This study addressed a few major issues related to MCs including perceptions towards MCs and its relationship with CPD/CE, the role of universities with regards to the provision of MC courses, the need for such courses, and, finally, foreseeable challenges with regards to its implementation. Recruiting participants from a range of countries was meant to provide us with a wider cross-section through sampling countries (and practices) that would allow us to compare and contrast possibilities and challenges as expressed by our selected individuals, and how these differ between countries. We feel this information would be valuable to readers in different locations in the world.
Most of the participants acknowledged the unique features MCs had to offer, such as being less costly, more flexible and easily accessible. This was in line with findings from the literature search that was conducted which explored MCs and its use in other professions [17–23]. Participants expressed interest in utilising MC courses tailored to their own field in pharmacy which provides the opportunity to acquire the required level of skills necessary to specialise within a certain area. Practitioners may be attracted to this trainee-centered approach, which would allow them to better invest their time to fulfil their own learning and training needs. Equally attractive to participants was that MCs offer the chance to pursue topics according to their own interests and desires which can be interpreted as the freedom and power to direct their own professional development. Indeed, the literature on MCs suggested these courses helped students’ exercise full autonomy while identifying the courses appropriate to their needs in various settings .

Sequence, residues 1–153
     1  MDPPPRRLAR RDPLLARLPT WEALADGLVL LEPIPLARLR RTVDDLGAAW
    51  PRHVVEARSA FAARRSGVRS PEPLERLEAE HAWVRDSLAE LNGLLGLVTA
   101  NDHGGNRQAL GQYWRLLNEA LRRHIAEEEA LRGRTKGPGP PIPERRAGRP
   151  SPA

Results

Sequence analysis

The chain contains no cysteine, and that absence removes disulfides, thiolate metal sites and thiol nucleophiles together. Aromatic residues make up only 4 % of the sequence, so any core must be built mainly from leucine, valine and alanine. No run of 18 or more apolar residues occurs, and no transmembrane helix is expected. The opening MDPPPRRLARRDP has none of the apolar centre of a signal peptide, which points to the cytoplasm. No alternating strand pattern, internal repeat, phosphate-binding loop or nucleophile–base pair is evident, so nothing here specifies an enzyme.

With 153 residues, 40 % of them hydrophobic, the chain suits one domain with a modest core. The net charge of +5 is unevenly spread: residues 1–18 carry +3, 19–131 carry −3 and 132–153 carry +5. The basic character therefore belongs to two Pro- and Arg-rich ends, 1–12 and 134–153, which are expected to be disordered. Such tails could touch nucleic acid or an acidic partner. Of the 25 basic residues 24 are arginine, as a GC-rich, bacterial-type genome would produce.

The interest expressed towards MCs shows pharmacists wanting to improve their professional skills, provided they could integrate the training easily into their daily schedules. This has been found in earlier research where a survey revealed that 34% (n = 1,239) of PharmD students in the US exhibited the desire to pursue additional training after graduation . Additionally, throughout the last few years there has been a clear shift of pharmacists from a traditional dispensing role to a more clinical patient-centered role . The shift to a more clinical role requires synthesising and linking the pharmacist’s clinical knowledge together. As some pharmacists may have been in the traditional dispensing role for a long time, small MC courses may be what is required to boost the pharmacist’s confidence and offer an accredited set of skills and knowledge to fulfil the growing expectations in their profession.